Are We Nuts?

            As one surveys the record of human behaviors and beliefs, both contemporary and historical, one notes an appalling fact:  Most human beings act as if they are clinically insane, particularly if we note the one major feature of insanity, an inability to tell the difference between exterior reality and interior (or mental) fantasy.  Various words to label this dysfunction include delusion, illusion, hallucination, etc.

            We are familiar with the obvious examples of insanity, as displayed for example in the schizophrenic, whose voices and fantasies of conspiracies and dangers are too obvious to be ignored or rationalized away.  Though we should remember that, to the person suffering from this disease, the voices and plots are utterly “real.”  The schizophrenic himself is unaware of his impairment.  While anyone who has attempted a conversation with a person with full-blown schizophrenia recognizes that something is seriously wrong, the controversies swirling around the condition (including arguments that it is not a disease at all) suggest that the mental world of the schizophrenic resembles that of the supposedly normal person.  We, too, often fail to differentiate between our thoughts and reality, and we too often talk rather more abstractly than we should.

We need not limit ourselves, however, to the obvious and extreme forms of insanity (including not only schizophrenia but the various psychoses).  There are many conditions codified in the DSM-IV, for example, that include features having to do with a disconnection from reality.  It is enlightening to read through these descriptions of various mental disorders and note how many people we know would fit the criteria—one can emerge with the notion that a lot of people need to be in therapy.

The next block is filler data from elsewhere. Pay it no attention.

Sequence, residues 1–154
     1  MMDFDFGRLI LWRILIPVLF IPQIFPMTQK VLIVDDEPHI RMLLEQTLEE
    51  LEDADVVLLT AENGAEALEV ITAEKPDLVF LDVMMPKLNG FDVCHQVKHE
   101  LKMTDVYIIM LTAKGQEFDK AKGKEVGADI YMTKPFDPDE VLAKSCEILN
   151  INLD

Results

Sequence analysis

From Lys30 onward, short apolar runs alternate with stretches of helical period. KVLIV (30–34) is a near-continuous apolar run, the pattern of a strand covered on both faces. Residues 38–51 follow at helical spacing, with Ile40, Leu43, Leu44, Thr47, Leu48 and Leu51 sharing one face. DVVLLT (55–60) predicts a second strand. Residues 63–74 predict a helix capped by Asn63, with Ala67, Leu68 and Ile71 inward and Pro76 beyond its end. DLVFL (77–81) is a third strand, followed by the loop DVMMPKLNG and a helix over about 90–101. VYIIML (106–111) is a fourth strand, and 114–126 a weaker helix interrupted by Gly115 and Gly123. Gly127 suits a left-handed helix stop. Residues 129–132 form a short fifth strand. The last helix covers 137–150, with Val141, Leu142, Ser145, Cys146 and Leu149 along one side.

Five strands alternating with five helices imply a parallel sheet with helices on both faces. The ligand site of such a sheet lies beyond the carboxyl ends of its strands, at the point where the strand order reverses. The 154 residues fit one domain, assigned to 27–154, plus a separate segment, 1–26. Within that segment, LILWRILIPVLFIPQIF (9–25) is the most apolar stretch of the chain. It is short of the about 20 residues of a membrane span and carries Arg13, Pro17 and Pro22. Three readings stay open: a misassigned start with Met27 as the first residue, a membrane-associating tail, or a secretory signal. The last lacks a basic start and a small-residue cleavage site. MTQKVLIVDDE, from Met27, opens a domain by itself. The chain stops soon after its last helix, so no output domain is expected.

Those of us who follow the news can add that crowds and nations behave in ways that are as delusional as any psychiatric patient.  From celebrities to statesmen, from cities to nations, the news is rife with examples of incomprehensible behaviors and beliefs.  Specific examples are hardly necessary here, as anyone could make a list, which might include the following:  the U.S. invasion of Iraq and the bloody response of the various insurgents (who, one might imagine, could have more readily and swiftly achieved their goal, if that goal itself is at all rational, simply by pretending to welcome and cooperate with the Americans, who, satisfied that their mission had been accomplished, would have packed up and left as quickly as they had come); the depredations of various dictators (Pol Pot comes to mind, but we all know the names of many others); the sheer nuttiness of Nazism, which remains to this day, despite acres of books on the subject, beyond rational explanation; the continued belief by many people, despite adequate educations, in angels, demons, and alien abductions; and our blithe consumption of natural resources despite all the evidence of the damage we are doing to the environment upon which we depend for life itself.  American consumerism may be the prime contemporary example of delusional behavior.

I have listed above oddities favored more by the liberal wing of American culture and politics, but the conservative wing has its own list as well:  the prevalence of drug abuse; mind-boggling promiscuity among younger and younger individuals; a popular culture corrupted by pervasive pornography; totalitarian mentalities masquerading as people’s revolutions; and perhaps the greatest of all, in the conservative mind, the failure to discriminate between good and evil.  The media provide all of us, regardless of political persuasion or values, myriad examples of insanity to shake our heads over.